In general, the consent that was derived from the initial-conditions of the federating units that sustain Nigeria is a cryptic element embedded in the 1963 CFRN and not in reinventing the democratic wheel by creating any new such document as those of 1979 cum 1999 titled CFRN.

The preambles of the 1979 and 1999 military constitutions are the same verbatim, which  summarise the point I am making; both the 1979 cum 1999 constitutions lay undemocratic, nay fraudulent, claims to the federal tenets of governance in the sameness of wordings of their preambles; thus, “We the people of the Federal Republic of Nigeria,” without the inputs of or subjecting the process to the elected representatives of the people in parliament vide the universal suffrage dictum of partisan elections.

Is there a way out of the quagmire…?

That is where the present attempt should toe a different pathway. The House of Representatives of the 10th National Assembly needs to reinvent the standing of its democratic credentials by refocusing itself enough to reconnect Nigerians to their sovereign enactment of 1963 by calling for an amendment of the 1963 constitution.

The incumbent administration of the FRN got enthroned through a rigorous democratic process of partisan elections based on the globally acclaimed principle of universal adult suffrage.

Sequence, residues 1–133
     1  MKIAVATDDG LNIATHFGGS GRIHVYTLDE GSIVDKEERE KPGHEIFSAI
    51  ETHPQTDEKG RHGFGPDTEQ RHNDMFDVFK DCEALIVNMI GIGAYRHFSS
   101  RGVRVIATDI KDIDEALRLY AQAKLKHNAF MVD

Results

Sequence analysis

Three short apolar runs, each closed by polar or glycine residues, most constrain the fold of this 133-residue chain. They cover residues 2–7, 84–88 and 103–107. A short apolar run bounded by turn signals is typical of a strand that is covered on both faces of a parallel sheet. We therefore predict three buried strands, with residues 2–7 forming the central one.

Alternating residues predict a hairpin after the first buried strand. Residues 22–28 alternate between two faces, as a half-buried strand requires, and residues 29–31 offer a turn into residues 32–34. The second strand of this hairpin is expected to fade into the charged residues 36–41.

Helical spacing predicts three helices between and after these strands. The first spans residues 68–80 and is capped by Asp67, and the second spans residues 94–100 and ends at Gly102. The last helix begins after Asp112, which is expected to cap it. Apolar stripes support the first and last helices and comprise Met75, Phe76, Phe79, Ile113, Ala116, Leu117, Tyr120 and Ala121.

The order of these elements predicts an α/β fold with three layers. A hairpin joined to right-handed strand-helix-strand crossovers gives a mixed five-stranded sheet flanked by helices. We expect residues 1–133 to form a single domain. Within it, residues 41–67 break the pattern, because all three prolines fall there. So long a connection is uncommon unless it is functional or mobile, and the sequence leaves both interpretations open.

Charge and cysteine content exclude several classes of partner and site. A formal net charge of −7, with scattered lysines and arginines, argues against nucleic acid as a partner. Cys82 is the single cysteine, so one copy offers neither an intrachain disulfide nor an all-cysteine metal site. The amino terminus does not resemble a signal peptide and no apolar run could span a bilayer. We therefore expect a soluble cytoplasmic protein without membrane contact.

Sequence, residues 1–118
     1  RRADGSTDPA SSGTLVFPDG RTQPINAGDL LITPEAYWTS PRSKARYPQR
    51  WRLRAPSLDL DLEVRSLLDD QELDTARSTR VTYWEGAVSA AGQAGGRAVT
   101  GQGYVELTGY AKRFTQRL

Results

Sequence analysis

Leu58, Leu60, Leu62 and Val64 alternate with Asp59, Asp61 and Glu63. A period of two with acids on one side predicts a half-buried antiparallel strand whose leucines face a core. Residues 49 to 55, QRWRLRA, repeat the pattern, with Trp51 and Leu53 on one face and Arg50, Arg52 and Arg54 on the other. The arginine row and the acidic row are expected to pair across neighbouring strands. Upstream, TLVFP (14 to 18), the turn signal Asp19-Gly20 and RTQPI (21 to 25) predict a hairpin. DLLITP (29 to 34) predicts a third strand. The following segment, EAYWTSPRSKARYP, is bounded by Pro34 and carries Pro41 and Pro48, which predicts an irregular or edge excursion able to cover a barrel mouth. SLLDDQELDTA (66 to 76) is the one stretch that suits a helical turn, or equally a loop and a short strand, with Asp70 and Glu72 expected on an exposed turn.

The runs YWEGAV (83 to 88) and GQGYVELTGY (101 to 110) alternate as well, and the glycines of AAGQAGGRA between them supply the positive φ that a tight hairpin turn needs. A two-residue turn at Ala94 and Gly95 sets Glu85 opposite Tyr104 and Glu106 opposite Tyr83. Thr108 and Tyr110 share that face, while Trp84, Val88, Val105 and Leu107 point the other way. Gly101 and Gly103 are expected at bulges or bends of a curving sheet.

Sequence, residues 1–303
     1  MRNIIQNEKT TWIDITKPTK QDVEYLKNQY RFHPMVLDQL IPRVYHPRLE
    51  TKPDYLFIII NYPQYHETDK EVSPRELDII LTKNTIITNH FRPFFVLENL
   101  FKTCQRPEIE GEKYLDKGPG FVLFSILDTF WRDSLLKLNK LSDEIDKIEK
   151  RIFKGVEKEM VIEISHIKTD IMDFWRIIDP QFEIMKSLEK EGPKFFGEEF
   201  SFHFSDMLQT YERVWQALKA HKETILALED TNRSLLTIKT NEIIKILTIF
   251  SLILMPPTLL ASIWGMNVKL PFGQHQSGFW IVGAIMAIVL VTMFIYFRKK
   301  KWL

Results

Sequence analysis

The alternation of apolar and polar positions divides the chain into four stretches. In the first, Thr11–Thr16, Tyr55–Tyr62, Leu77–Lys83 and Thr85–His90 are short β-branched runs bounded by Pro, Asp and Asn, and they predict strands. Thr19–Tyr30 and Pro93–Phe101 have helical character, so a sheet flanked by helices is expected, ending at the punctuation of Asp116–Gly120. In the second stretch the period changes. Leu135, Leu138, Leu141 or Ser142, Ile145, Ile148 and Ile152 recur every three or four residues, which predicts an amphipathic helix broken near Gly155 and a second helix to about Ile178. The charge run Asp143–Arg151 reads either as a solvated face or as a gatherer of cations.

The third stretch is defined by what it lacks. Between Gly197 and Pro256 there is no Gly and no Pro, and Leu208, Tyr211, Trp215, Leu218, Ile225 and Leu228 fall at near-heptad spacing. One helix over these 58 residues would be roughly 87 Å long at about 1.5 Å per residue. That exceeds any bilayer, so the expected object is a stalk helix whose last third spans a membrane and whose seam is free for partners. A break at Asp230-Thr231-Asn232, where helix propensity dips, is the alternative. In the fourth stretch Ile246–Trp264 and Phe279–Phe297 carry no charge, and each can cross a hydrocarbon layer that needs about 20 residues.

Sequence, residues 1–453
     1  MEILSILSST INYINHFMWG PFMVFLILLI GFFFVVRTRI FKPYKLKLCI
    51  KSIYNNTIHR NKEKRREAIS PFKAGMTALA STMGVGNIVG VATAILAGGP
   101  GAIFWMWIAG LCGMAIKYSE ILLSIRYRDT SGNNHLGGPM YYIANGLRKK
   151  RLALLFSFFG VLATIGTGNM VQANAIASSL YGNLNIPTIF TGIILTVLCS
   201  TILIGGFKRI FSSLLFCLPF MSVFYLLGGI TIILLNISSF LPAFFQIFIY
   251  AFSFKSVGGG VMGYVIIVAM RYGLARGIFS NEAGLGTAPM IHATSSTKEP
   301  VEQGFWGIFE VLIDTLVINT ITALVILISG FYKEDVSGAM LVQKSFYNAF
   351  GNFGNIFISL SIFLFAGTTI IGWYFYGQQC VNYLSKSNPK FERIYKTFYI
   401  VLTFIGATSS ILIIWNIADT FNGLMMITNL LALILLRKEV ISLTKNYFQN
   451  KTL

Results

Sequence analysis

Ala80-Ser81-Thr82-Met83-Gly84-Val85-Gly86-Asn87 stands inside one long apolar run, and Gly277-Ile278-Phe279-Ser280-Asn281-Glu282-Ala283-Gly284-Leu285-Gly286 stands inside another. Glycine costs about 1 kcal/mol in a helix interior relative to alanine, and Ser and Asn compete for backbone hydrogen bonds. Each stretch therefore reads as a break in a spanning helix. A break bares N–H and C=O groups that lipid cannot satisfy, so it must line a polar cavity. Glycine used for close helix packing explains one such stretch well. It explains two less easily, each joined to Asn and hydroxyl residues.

Such an exercise will simply treat the various reports of Conference Delegates as well as the 1979 and 1999 documents titled constitutions as inputs in the review of the 1963 CFRN. In doing so, the NASS will be a good fit for the job as the rightful republican entity than military interregnums and Conference Delegates that created new constitutions such as that of 1999 that is now requiring to be amended by the advertised exercise that contains 16 themes.

What makes the 1963 constitution remarkable?

The 1963 enactment is sovereign and was done by a republican entity of elected representatives of Nigeria in the 1959 elections akin to the 10th National Assembly that emerged from the 2023 elections of the Nigerian federation.

The focus of the NASS to amend the 1963 sovereign enactment will bypass the burden of incongruity to amend a product of Conference Delegates and/or military interregnums as is the case with the undemocratic focus of democrats on the 1999 constitution. The role of Conference Delegates and/or military interregnums as governance organs lacks the basic tenets of republican attributes.

The planned NASS reset exercise will birth an ironclad democratic CFRN by a contemporary republican entity. Otherwise, NASS is simply embarking on an exercise to deliver a fragile document that’s ordinarily made of a mixing of iron and miry clay.